• Conned: a Koori perspective (by Dr Eve Fesl)
  • Cooloola Coast: Noosa to Fraser Island - the Aboriginal and settler histories of a unique environment
  • A dumping ground: the history of the Cherbourg Aboriginal Reserve
  • An evaluation of knowledge of the massacre of Murries at Murdering Creek, Sunshine Coast
  • Four Bunya seasons in Baroon 1842-1845
  • History of the Aborigines in the Buderim area
  • In the tracks of a rainbow: indigenous culture and legends of the Sunshine Coast
  • In the Wake of the Raftsmen – Vol 3 (in “Queensland Heritage”)
  • Linguistic survey of south-eastern Queensland
  • Lost dreaming: aspects of traditional Aboriginal life of the Coolum district
  • Noosa and Gubbi Gubbi: the land, the people, the conflict
  • Queensland archaeological research, Vol. 1, Oct 1984
  • Records guide volume one: a guide to Queensland government records relating to Aboriginal and Torres Strait
  • Islander peoples
  • Science, race & faith: a life of John Mathew
  • The Simpson letterbook. Cultural and historical records of Queensland. Number 1
  • Some original views around Kilcoy. Book 1 - The Aboriginal perspective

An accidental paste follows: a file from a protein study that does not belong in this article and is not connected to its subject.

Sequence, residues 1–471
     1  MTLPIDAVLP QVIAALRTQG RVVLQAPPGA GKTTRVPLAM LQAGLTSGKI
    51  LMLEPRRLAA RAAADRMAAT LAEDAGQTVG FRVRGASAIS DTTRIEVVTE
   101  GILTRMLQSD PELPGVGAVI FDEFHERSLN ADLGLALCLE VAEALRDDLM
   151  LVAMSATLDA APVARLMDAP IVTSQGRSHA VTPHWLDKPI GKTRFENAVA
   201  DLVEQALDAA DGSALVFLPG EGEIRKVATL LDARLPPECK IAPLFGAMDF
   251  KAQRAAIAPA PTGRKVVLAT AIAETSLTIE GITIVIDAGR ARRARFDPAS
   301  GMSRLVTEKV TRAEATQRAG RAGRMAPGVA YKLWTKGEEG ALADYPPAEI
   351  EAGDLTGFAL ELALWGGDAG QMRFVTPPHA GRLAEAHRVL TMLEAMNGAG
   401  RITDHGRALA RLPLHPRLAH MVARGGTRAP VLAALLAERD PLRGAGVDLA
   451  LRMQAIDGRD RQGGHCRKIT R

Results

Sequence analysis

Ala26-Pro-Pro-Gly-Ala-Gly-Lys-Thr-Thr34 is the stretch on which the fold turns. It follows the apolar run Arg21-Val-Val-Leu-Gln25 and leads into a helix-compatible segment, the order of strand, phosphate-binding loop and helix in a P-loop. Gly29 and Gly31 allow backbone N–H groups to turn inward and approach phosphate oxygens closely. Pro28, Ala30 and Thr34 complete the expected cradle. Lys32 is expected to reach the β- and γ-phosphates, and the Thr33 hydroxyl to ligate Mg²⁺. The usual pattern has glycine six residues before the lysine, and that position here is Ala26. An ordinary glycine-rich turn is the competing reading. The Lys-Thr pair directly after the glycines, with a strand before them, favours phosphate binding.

• The story of Maroochy
  • A study in black and white: the Aborigines in Australia
  • A submerged history: Baroon Aborigines and white invasion
  • Sunshine Coast Aboriginal culture before the white man
  • Tom Petrie's reminiscences of early Queensland
  • Tree fern and honey bee: a study of Aboriginal Australian ancestors of the Mapleton district
  • Two representative tribes of Queensland: with an inquiry concerning the origin of the Australian race
  • Written in sand: a history of Fraser Island

Picture Sunshine Coast

Historical photographic collection online in the Sunshine Coast Libraries catalogue.

Oral history

Interview with June Bond, an indigenous woman from the local Gubbi Gubbi tribal group. June tells of what happened to her family and their removal to the Aboriginal Reserve at Cherbourg.

View full list of oral histories.

Last Updated 23-Oct-14